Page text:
By Justin Sink
Mitt Romney headed to North Carolina Friday, looking to make headway in a swing state Republicans are describing as increasingly attainable after President Obama's decision to endorse same-sex marriage.
The hastily arraigned speech — the owner of the pipe manufacturing factory who introduced Romney said that former Massachusetts governor's advance team had only reached out two days prior — drove at Romney's messaging on the economy.
Earlier Friday, Republican National Committee Political Director Rick Wiley circulated a memo predicting a looming "disaster" for Obama in the state, the site of the Democratic convention this summer. Wiley noted the retirement of high-profile Democratic lawmakers in the state, a sexual harassment scandal dogging the state Democratic Party leadership and the campaign finance corruption trial of former presidential candidate John Edwards in concluding that "the Tar Heel State is a major headache for Chicago."
But Romney, for his part, hammered away at his economic policies, a signal his campaign was hoping to capitalize on the same-sex marriage controversy without losing another day on the trail off his primary message. Romney was also looking to starve the brewing controversy about his high school pranks that targeted classmates who later revealed they were gay.
"The president's policies have not encouraged the economy to grow, they scared the dickens out of banks, they scared the dickens out of insurance companies," Romney said.
The presumptive Republican nominee used the plant's decision to manufacture PVC piping — in addition to the cast iron piping they had produced for decades — as an allegory for the need to adapt over time, arguing the president was mired in outdated liberal philosophy.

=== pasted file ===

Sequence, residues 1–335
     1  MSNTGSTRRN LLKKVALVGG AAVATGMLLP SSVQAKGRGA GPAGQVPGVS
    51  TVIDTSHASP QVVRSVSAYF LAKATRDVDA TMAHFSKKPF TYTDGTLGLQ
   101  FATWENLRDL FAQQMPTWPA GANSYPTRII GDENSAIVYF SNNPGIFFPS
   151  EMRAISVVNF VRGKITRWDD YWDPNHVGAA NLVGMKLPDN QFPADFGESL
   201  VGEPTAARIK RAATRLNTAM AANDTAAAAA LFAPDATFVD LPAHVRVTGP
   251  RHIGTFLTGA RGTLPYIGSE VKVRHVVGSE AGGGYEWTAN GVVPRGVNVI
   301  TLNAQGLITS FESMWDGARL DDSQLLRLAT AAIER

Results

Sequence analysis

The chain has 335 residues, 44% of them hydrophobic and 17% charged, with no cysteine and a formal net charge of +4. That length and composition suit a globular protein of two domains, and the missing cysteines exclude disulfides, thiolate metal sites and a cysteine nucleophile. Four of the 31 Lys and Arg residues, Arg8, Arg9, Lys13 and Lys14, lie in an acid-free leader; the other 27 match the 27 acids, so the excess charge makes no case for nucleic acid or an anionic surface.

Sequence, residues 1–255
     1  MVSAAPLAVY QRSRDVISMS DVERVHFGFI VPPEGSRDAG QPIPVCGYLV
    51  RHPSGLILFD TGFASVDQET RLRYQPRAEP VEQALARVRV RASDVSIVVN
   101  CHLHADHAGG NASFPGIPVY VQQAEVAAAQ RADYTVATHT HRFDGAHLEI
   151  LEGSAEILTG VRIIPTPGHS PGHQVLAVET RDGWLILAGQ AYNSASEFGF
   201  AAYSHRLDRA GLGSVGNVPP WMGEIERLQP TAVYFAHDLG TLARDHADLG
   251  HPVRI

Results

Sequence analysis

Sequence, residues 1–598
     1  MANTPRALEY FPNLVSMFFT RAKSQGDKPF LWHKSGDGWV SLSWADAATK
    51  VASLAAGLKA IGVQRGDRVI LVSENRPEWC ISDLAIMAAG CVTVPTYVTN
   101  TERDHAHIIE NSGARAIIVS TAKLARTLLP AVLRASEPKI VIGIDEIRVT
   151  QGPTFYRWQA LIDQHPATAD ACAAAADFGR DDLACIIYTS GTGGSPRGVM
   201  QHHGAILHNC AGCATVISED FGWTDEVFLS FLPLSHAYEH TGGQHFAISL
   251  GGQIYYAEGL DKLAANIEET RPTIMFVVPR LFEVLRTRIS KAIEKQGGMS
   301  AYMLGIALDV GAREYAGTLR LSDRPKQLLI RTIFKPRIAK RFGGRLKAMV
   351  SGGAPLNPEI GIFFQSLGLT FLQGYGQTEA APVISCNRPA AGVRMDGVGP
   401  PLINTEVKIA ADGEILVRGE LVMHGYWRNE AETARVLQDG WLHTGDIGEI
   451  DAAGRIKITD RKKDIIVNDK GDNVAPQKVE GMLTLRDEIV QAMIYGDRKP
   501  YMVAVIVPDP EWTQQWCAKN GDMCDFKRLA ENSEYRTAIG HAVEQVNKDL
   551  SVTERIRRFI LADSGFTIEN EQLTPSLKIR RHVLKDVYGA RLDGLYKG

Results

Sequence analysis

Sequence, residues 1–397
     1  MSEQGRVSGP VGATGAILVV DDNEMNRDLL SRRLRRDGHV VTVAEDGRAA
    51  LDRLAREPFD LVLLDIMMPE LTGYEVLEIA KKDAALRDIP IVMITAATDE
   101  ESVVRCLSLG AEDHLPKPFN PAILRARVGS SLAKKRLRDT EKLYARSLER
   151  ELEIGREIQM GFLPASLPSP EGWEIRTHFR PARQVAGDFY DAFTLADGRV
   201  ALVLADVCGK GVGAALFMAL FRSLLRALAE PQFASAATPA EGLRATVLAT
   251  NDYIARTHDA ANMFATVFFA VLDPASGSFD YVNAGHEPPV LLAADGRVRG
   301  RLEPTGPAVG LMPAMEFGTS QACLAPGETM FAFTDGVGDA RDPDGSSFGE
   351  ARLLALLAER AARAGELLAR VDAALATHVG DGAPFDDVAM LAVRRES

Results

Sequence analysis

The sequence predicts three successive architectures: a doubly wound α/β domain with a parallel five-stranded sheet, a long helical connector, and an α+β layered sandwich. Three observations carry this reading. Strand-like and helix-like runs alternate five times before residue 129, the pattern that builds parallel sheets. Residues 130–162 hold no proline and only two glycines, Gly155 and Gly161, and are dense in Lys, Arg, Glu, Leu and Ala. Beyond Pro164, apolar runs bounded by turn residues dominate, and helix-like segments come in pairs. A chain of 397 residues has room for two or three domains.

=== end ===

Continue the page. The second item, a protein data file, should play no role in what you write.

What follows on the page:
"Right now we're finding people across the country who are experiencing some hard times, and one of the reasons is that we had a president instilling the old liberal politics of the past," Romney said.
Romney went on to contend that the president's views on unions, offshore drilling and assuming national debt were outdated and incorrect.
"I see families struggling, kids coming out of school and can't find work, it's because of the wrong policies," Romney said.
The majority of Romney's remarks drew from the standard stump speech he has been delivering at stops across the country in recent weeks, but near the end of the remarks, Romney told the story of a niece whose husband was called to serve in the National Guard and whose daughter was deaf.
Romney explained that his niece could not afford landscaping but that her neighbors pitched in to help her sod her lawn and built a swing set for her daughter.
"This is the America that I love. This is a great people. We can do anything. We can achieve anything. We've got a government that has gotten in the way of the American people. We're going to change that in November," Romney concluded.
For a campaign struggling to personalize financial policy, it was a compelling moment and one Romney is likely to return to as he seeks to reorient the campaign around economic themes.